By Saddy Preza
In the early hours of the morning, UC Davis students were preparing to go on a field trip, a rare treat made possible through a partnership between UC Davis and Peet’s Coffee. The destination: Peet’s Roastery in Alameda, CA.
Students who had previously taken the popular Design of Coffee class were offered the opportunity to tour the Roastery, an exciting experience for any coffee enthusiast. The class attracts a wide range of students, from English to Neurobiology, and every major in between. Select students were able to join the tours for a behind-the-scenes look at the coffee roasting process.
The tour was led by John Nicolini, a Peet’s Coffee roaster since 1990. Despite roasting large quantities of coffee every day, the floor was orderly and friendly, almost the same atmosphere you would expect at a Peet’s coffeebar. The tour included several stops to take a closer look at the roasting process. Students even got a chance to see how an experienced roaster carefully hand roasts a batch of beans using only sensory skills (sound, sight, and smell) and not machines. With the volume of the Roastery booming in the background, the roaster inches closer to the batch listening for popping noises and waiting until they hear just the right amount, signaling that the coffee is ready.
As students continued walking through the roastery, Nicolini explained Peet’s roast-to-order process, which includes shipping coffee as soon as it is roasted and packaged to ensure freshness. Rather than storing roasted coffee for great lengths of time, roasting begins early in the morning for same day shipping.
Students already familiar with the coffee roasting were amazed to see the process at a much larger scale.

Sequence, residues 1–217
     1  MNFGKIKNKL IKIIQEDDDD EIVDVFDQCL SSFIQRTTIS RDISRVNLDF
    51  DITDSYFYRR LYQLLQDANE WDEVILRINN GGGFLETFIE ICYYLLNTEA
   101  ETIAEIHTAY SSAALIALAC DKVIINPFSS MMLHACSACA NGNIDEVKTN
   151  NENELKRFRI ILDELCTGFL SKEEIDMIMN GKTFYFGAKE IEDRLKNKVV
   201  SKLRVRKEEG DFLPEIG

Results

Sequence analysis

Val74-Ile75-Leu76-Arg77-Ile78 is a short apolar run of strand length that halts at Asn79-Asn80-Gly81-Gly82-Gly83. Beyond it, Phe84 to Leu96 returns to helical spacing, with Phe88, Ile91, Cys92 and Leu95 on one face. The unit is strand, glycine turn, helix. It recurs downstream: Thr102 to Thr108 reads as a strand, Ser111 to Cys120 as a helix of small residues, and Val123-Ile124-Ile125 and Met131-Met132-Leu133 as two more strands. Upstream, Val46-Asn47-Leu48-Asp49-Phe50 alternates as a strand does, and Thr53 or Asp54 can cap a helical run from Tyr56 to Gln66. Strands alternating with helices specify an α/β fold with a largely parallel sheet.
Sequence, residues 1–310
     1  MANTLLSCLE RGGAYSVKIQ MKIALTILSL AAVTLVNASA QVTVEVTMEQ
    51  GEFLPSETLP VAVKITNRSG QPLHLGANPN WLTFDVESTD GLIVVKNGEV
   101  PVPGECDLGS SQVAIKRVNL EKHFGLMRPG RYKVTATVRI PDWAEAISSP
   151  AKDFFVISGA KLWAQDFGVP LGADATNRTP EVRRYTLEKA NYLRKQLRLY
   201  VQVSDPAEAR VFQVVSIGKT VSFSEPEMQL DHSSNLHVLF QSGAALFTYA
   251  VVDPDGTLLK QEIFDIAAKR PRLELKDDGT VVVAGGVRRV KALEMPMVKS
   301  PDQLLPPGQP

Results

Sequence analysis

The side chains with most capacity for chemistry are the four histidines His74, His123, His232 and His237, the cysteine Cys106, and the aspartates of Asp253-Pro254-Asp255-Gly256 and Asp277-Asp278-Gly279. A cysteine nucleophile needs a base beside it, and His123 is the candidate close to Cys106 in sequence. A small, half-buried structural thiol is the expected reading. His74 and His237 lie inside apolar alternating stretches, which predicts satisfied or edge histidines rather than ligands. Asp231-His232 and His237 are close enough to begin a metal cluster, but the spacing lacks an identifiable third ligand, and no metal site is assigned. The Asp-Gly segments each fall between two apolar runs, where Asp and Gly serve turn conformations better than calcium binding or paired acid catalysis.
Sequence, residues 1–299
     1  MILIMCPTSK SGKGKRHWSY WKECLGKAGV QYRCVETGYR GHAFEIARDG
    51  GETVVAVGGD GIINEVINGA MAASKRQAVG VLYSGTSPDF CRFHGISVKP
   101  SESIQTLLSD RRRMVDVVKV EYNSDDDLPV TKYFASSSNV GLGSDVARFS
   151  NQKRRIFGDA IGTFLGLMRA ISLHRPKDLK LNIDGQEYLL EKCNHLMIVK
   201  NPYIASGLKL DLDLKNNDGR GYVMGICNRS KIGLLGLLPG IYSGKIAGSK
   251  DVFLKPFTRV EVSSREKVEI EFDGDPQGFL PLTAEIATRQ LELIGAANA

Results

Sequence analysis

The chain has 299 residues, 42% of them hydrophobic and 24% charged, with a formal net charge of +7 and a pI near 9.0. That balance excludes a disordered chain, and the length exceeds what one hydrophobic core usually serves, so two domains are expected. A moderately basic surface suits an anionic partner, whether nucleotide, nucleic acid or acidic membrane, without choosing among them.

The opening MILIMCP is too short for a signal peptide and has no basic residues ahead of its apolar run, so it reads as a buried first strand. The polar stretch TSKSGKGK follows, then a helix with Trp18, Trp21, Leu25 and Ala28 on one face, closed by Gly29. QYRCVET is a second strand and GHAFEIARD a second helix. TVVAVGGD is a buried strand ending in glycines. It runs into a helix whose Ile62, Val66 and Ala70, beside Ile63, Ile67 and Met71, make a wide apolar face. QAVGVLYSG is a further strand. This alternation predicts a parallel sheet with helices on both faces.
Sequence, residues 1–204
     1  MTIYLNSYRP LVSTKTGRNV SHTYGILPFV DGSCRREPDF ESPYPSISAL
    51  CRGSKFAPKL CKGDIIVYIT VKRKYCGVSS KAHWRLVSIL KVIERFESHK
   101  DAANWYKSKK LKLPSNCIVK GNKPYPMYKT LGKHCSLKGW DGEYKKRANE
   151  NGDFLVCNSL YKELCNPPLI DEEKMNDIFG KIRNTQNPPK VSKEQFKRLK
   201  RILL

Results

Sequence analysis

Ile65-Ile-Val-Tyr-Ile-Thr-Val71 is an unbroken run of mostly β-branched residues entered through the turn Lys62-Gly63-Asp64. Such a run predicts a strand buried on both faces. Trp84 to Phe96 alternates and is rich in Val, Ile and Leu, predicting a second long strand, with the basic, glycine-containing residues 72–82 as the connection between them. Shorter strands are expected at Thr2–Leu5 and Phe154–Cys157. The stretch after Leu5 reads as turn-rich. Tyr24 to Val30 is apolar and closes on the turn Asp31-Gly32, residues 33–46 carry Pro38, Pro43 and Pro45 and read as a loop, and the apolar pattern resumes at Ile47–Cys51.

“The coffee class helped me understand the tour better because I had done this process in the classroom lab,” said Andy Garcia, a student majoring in Community and Regional Development.
After touring the roasting floor, students were guided upstairs to a conference room with a view of San Francisco across the Bay. The next part of our tour experience was one not to miss — coffee tasting.
“The coffee tasting was my favorite part,” said Gurmun Singh, a student majoring in Microbiology and Molecular Genetics. “We tasted coffee that had just been roasted in this large Roastery.”
Students enjoyed sampling two different types of coffee that highlighted not only their distinct flavors, but also showcased the close-knit relationships formed between Peet’s Coffee and the farmers. Students were pleasantly surprised to learn that Peet’s executives had long-established personal relationships with the coffee farmers, which further solidified a strong fan base among the students. Since its founding in 1966, Peet’s Coffee regularly gives back to these communities so they can build schools and fund other community-related projects.
At the end of the tour, Peet’s provided students with lunch and goodie bags containing small gadgets and the coffee they had sampled earlier in the day. Each student expressed their gratitude for Peet’s hospitality and remarked how beneficial the field trip was to them.
This opportunity was provided by the UC Davis and Peet’s Coffee partnership and funded by purchases from the Peet’s locations on campus. Peet’s generously donates the coffee beans used in the Design of Coffee class.
For more information, please the UC Davis Coffee Center.